by Rory Buszka on January 22, 2008 in Cooling
If you thought about liquid-cooling your PC, but were put off by the complexity of a typical installation, Thermaltake’s BigWater 760i may be the solution for you. The drive-bay mounting system is a novel solution, but can it provide enough of an advantage over air-cooling to make it worthwhile?
All heatsink testing at Techgage is performed with three considerations in mind: repeatability, accuracy, and comparison. In order to achieve these three aims, it’s important to use a standardized testing platform for all measurements which are to be compared.
In this case, the test platform is based around an AMD Athlon X2 “EE” model, which operates inside a 65-watt thermal envelope, similar to most Intel Core 2 Duo CPUs. What’s most important, however, is that the test platform be consistent in its operation, so that the thermal margins provided by each CPU cooler can be directly compared – since it’s the proportional change that we really care about.
The Test Rig
- CPU: AMD Athlon 64 X2 4200+ EE (65W)
- Motherboard: ASUS M2NPV-VM (nForce 430, GeForce 6150)
- Memory: 1GB (2x512MB) A-Data Vitesta DDR2-1000 @ DDR2-800
- GPU: eVGA GeForce 7600GT KO 256MB
- Hard Drive: Western Digital 160GB, 7200RPM, 8MB Cache, SATA2
- Power Supply: OCZ StealthXStream 600W
- Case: Thermaltake Mozart TX*
*Used for this review due to extenuating circumstances
The test system was originally designed to simulate the airflow of a typical enthusiast PC, minus any extraneous heat loads provided by a separate GPU, massive hard drive arrays, et cetera. However, in testing with a separate discrete GPU installed, it was found that significantly higher CPU temperatures under load were attainable with our particular type of stress test, indicating that the IGP was actually limiting the heat generation potential of the CPU.
For this reason, effective immediately, the test system will be revised to contain a reference video card as well. New measurements made using this test platform are not comparable to previous measurements, so new measurements have been made of all CPU coolers used in comparison for this article.
In addition, it seems that as CPU coolers continue to push the cooling envelope, and compact all-in-one water cooling solutions gain popularity, necessitating a greater heat load, the current test system may be pushed into obsolescence in the near future because of its relatively small 65-watt heat load when compared to the nearly 130-watt heat load of modern quad-core CPUs.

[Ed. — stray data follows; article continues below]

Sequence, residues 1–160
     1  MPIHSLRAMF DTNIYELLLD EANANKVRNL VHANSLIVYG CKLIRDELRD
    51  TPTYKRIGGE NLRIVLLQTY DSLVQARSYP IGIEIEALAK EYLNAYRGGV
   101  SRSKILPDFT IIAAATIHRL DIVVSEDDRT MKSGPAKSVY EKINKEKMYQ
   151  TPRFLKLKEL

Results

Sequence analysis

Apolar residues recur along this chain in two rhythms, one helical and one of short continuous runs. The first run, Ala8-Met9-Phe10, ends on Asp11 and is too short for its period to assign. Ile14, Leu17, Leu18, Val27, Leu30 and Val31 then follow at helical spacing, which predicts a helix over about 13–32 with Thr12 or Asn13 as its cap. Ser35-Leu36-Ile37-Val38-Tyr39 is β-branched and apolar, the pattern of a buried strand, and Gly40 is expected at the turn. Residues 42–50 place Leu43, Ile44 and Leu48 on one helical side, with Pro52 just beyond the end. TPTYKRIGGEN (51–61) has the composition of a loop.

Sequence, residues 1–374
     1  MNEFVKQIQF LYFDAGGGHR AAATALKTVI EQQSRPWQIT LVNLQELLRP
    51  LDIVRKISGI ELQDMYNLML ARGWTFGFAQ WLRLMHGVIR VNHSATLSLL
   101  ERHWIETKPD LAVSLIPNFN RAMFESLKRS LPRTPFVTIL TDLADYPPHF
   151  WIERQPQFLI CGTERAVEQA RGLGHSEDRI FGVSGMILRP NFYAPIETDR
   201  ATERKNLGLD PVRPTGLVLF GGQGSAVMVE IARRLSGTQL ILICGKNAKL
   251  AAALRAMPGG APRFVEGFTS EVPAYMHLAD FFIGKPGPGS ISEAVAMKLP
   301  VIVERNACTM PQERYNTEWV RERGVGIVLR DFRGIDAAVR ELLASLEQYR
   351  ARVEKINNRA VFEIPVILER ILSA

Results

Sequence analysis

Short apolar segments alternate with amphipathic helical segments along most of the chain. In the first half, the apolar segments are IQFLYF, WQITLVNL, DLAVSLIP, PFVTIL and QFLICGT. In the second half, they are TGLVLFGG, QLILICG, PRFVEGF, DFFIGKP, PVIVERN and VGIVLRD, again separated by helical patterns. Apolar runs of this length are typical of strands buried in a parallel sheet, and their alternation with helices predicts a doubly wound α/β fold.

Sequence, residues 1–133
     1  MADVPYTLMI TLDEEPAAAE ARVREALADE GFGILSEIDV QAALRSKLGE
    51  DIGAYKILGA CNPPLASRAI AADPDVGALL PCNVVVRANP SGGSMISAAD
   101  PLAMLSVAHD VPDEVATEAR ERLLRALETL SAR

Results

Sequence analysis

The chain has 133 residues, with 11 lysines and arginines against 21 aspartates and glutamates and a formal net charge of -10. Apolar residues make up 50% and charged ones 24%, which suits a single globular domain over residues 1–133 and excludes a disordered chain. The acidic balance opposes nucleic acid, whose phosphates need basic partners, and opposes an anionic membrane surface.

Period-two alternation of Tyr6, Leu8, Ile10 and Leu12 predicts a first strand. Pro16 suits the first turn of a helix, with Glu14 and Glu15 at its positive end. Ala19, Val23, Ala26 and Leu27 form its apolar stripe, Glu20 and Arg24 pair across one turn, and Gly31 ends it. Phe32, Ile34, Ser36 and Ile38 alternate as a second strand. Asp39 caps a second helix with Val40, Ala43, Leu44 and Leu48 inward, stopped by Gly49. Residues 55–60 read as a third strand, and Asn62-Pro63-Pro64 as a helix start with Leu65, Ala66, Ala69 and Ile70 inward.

For this review, the Thermaltake Mozart TX case was substituted for the Cooler Master iTower 930, due to space issues in accommodating the Thermaltake BigWater 760i’s radiator unit.
Before installing either the water block or the cooler, a ball bearing-sized drop of Arctic Silver was spread into a thin layer using the sharp edge of a razor blade. During testing, Cool N’ Quiet was disabled, as well as the board’s “Q-Fan” smart fan control. The system was first allowed to reach a stable idle temperature for about 30 minutes before testing was performed.
Then 3DMark 2006 was run with its default settings to load both cores, and the peak observed temperatures were recorded after about 30 minutes of continuous load (looping tests). Finally, the system was allowed to return again to a stable idle temperature, and the peak observed idle temperature was recorded.
I’m using APACK’s ZEROTherm NV120 “Nirvana” cooler as a reference in this test, because it represents just about the top of the heap in enthusiast air-cooling, outstripping the cooling ability of the Zalman CNPS9700 by a small margin. The Thermaltake BigWater 760i’s simple, integrated design is meant to compete with high-end air-cooling solutions, so this comparison makes sense.
While the Thermaltake BigWater 760i certainly holds its own in the testing, it failed to eke out a lead against the high-end air cooling solution under load. Water cooling systems can handle transient loads well, thanks to their higher thermal mass, so to eliminate this potential for error, the CPU was loaded continuously for about 30 minutes before making temperature readings.
That the BigWater 760i system didn’t offer a performance advantage over the high-end air cooler isn’t a nail in the BigWater 760i’s coffin, however. These temperatures are excellent for any thermal solution, with the idle temperature being very near room temperature. The BigWater 760i definitely gets the job done.
The BigWater 760i has two major noise- and vibration-producing components. The pump itself is a significant source of vibration, though it does not generate much in the way of acoustic noise. If it’s not rigidly mounted, however, it can generate a low hum that resonates throughout the metal case.
The 120mm fan mounted to the radiator is still plainly audible even at its lowest speed, with audible turbulence and motor noise, though at high speed, blade noise dominates the sonic signature. In addition, the radiator unit emanates the sound of flowing coolant which, while soothing, isn’t silence. I can’t recommend this product for a ‘silent’ PC, though it may find a home in a ‘low noise’ system.